Last shot in the sequence from the previous weekend in Devon. An interesting outcrop of rocks, jutting into the sea, replete with seaweed on the Jurassic coast. This shot was taken facing south, with the sun setting 90 degrees to my right. The gentle evening colours were caught in the lower clouds on the horizon.
Stormy weather ahead.
The last vestiges of light were visible in the opalescent sky. Shortly after this shot was taken, the heavens opened and the rain did not stop for the next two days.
Believe it or not, this was taken on a very popular beach in Devon, just at a very unpopular time (i.e. moments before a torrential rain storm). Definitely worth it!
Taken a few days ago on the beach at Budleigh Salterton, the fisherman in the picture very kindly asked if he was ruining my shot by fishing in front of me. Normally one for trying to avoid human presence in my images, this one worked out very nicely. The lonely fisherman occupies the space between sky and sea.
Walking along the beach in Exmouth last week, the clouds took on a pattern similar to the sand bumps on the shore. My new Formatt-Hitech filter gave a warm purple tone instead of the customary cold blue of the Lee filters, lifting the colour of the scene. I was so pre-occupied with the scene that I did not notice the progressive surf. Moments later, a wave washed in from my left and soaked me to the knee. Worth it though.
Low tide on Exmouth beach over the weekend. The water was low enough to reveal this concrete jetty, covered in very green seaweed. A long exposure blurred the sky and left the water a milky, glassy texture. You can just make out a seagull at the end of the jetty. It stood there almost motionless for the 260 second exposure.
After waking up early for a dawn shoot, I was a little dejected by the lackluster weather. However, using a Lee Filter Big Stopper to slow the scene down and generate movement in the clouds, whilst making the sea turn more glassy.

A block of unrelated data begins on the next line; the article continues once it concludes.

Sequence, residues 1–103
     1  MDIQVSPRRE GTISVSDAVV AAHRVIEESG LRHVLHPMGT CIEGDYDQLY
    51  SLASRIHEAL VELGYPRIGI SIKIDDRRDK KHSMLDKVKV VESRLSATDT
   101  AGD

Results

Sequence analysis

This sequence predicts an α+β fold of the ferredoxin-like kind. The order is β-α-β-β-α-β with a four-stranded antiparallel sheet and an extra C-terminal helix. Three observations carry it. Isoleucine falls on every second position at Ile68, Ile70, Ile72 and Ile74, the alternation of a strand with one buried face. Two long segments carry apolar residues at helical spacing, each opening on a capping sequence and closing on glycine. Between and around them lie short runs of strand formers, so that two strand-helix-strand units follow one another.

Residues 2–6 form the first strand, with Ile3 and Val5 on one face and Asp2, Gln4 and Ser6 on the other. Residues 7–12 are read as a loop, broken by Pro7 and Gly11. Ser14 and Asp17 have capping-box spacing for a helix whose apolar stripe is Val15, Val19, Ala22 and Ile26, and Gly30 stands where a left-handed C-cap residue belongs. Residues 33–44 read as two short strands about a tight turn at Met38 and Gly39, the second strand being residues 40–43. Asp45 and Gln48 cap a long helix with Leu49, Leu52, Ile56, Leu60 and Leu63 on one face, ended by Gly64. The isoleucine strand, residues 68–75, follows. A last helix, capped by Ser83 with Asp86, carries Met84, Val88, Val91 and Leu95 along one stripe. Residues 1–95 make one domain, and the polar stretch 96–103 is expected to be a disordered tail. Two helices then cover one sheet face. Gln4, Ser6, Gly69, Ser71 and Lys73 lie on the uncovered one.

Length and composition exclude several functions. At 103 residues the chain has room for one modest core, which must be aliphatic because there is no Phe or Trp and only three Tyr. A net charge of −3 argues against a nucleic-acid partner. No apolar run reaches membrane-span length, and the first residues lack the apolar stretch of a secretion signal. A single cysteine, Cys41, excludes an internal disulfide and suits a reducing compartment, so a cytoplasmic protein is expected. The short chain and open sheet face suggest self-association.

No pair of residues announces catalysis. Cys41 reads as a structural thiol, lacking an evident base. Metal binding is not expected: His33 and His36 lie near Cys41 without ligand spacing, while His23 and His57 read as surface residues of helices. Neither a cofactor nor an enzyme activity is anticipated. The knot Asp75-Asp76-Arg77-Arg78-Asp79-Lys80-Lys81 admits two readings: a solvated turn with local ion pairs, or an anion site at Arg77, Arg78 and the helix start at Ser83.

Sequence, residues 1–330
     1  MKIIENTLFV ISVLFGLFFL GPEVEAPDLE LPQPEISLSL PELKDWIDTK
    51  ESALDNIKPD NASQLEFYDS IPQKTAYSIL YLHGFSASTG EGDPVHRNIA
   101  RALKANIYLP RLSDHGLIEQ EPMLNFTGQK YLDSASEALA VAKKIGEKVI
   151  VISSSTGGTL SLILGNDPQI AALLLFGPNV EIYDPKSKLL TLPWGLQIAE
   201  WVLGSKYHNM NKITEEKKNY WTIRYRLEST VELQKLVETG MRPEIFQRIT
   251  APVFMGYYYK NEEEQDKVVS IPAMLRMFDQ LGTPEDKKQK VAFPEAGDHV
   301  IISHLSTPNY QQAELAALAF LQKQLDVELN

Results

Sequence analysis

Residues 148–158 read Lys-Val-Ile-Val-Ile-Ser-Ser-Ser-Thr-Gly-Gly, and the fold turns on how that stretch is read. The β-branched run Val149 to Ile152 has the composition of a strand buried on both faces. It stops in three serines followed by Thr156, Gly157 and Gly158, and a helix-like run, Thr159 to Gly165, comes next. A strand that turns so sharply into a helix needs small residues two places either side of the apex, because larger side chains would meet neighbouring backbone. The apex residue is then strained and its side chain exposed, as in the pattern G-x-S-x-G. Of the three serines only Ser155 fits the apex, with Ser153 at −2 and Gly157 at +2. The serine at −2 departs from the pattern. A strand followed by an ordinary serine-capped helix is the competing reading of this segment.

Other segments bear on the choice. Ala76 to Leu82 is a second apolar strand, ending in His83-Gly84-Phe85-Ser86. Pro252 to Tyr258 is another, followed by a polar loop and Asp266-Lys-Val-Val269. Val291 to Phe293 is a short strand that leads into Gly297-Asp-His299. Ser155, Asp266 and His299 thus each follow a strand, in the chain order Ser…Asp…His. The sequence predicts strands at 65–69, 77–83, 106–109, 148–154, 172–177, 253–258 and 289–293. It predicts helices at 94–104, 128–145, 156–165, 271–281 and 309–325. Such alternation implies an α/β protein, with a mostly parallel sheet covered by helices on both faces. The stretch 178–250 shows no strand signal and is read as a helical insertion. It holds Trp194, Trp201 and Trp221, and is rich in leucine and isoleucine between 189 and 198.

The delicate orange glow below the morning clouds, behind the pillar of land at Ladram Bay in Devon made for a rather haunting scene.
Walking between Exmouth and Budleigh Salterton over the weekend, in south Devon, I spotted this interesting rocky outcrop. The sun was beginning to drop to my right and threw an captivating shaft of light across the scene. The tide was washing close to the top of my Wellington boots and I had a camera bag full of kit precariously balanced on the rocks next to me. I had just enough time to grab a couple of shots before having to clamber up the rocks. Definitely worth it.
Last weekend, the UK was battered with gale force winds and heavy rain. I headed down to Sidmouth in Devon to try and capture some of nature’s drama. The first shot was from a rock jetty by the sea. I used a Little Stopper, which caused an interesting colour cast in the image. The sea was a deep red from the churned up sea bed.
I move along the beach to grab this shot of the waves breaking against the concrete causeway. The evening sun was behind me but the clouds to the east reflected the evening glow, behind the crashing waves.
Whilst out one evening in Devon, I was walking along the Jurassic coastline when the light made me stop in my tracks. Using a Lee Filter Big Stopper, I softened the rolling waves into silky smooth wisps, lapping against the groyne.
As the light changed, the waves became ever more energetic. Soon, the pinky orange hues gave way to the grey blues post sunset, making the whole scene feel palpably colder.